A Plasma Cutting Project

September 23, 2019

Plasma cutter 10

Recently, a customer placed an order for thousands of single-size cut steel parts. This project was done with our high definition plasma cutting machine. Here’s what the process of that looks like:

What is Plasma Cutting?

Plasma is considered the 4th state of matter and is most commonly associated with the Sun and other stars. It does not occur naturally in the earth’s surface, but we are able to create plasma artificially by subjecting a gas to extreme energy. The gas sheds electrons and becomes ionized. Unlike neutral gasses, plasma is very conductive. The extremely high-temperature plasma arc between the negatively charged nozzle to the positively charged workpiece cuts through metal with ease and precision. Plasma cuts are clean, precise, and reproducible. After we input a drawing into the software it converts the drawing into a path for the cutter to follow.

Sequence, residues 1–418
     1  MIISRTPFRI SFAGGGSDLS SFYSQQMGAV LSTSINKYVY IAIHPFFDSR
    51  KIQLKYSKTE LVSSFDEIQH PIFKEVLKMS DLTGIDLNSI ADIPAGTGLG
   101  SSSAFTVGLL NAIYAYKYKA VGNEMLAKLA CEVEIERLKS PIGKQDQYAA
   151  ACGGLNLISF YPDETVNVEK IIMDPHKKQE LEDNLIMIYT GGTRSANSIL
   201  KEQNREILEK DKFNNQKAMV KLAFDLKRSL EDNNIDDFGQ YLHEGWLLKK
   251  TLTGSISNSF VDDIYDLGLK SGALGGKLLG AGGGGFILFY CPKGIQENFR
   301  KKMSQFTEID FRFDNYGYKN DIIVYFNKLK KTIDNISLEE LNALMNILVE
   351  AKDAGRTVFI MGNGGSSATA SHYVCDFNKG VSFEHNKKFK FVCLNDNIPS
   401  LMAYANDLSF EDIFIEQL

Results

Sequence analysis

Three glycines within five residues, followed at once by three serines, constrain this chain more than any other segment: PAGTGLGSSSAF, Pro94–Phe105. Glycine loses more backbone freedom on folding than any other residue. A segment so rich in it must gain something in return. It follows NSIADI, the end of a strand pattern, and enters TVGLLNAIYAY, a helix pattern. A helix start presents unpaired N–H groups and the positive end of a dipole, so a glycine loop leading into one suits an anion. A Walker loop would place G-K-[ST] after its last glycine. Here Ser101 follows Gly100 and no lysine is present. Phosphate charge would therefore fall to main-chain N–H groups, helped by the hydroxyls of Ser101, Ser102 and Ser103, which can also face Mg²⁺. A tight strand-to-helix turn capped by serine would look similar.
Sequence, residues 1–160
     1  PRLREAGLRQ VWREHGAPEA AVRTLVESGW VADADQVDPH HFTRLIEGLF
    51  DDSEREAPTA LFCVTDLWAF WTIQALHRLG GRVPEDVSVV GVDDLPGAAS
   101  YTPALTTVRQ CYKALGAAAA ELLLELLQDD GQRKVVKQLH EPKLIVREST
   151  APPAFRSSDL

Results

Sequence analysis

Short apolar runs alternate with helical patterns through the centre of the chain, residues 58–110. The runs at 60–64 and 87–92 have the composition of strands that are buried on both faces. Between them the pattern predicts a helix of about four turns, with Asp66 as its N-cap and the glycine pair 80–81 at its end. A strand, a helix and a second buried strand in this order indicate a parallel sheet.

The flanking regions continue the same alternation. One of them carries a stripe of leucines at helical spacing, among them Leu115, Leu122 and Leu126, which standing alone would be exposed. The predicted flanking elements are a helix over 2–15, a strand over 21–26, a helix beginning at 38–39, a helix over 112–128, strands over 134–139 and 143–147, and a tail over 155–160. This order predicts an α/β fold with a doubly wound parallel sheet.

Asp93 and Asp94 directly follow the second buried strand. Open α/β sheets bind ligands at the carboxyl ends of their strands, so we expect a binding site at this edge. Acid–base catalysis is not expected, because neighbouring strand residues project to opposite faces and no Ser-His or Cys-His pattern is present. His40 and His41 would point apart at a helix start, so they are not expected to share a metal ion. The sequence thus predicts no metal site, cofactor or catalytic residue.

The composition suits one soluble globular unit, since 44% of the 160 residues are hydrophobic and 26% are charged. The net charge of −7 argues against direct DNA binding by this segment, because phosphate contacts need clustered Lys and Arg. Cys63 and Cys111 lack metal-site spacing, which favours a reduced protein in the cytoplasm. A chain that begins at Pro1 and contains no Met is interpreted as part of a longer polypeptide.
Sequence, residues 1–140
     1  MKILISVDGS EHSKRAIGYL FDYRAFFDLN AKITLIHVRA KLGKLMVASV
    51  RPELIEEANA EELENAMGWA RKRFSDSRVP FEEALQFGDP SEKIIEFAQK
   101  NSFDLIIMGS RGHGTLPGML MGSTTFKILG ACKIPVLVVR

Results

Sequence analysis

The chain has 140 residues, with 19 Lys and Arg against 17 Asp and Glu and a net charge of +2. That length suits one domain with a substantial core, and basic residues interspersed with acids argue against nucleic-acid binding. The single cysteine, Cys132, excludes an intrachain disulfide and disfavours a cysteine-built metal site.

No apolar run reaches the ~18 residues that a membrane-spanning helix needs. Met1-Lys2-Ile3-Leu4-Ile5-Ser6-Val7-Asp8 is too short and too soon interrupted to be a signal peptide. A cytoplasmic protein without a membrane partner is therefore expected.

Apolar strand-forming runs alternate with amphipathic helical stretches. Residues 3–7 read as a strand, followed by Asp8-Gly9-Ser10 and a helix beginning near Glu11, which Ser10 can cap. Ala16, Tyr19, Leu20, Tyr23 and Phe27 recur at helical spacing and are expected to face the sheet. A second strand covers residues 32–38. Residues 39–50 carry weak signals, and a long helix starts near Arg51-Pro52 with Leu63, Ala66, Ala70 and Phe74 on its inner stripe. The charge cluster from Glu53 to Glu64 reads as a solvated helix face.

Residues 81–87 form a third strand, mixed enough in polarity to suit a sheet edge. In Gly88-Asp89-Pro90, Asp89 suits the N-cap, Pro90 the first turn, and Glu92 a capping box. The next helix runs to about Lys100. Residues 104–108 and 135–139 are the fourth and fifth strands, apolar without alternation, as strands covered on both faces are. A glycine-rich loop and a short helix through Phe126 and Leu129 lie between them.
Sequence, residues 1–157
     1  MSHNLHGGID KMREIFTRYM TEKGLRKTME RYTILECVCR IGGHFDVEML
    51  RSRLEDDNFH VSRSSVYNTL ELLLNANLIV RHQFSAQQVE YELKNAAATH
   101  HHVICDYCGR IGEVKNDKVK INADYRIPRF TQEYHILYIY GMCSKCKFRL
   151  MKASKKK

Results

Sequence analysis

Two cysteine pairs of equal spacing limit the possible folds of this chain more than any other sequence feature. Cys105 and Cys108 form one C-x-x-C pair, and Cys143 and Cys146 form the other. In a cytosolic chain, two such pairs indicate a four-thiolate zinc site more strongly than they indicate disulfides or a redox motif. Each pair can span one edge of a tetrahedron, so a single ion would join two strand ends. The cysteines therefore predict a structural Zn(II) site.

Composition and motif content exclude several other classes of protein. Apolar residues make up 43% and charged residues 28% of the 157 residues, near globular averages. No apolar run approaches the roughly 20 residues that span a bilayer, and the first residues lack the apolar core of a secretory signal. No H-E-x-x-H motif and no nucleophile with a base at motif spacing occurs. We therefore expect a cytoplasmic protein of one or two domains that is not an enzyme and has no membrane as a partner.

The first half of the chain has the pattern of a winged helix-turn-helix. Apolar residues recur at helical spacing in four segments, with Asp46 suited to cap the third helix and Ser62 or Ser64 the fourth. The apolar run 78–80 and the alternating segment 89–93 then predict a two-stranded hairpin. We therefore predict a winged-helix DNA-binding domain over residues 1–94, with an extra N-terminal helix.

Stare at it long enough and you will get lost in time, but be careful because the machine gives off a broad spectrum of electromagnetic radiation, which extends from infrared light, through the visible spectrum, all the way to ultraviolet range. Needless to say, don’t look at the bright plasma arc because it can cause eye damage.

The photo above shows the first of many pieces of metal to get cut. Depending on the size of the project, it can take from a few hours to more than a day to finish. You can see each piece being cut, leaving a skeleton behind.

Here, you can see the cutting nearing completion. That is a sheet of 3/16” thick steel that is 8 feet wide and 20 feet long.

After the sheet has been completely cut, we remove the skeleton leaving the cut pieces on the table.

Then we gather all the steel pieces.

Afterward, we put them in a tumbler for less than 10 minutes.

After they’ve been cleaned, we stack them, palletize them, and deliver them to our customer.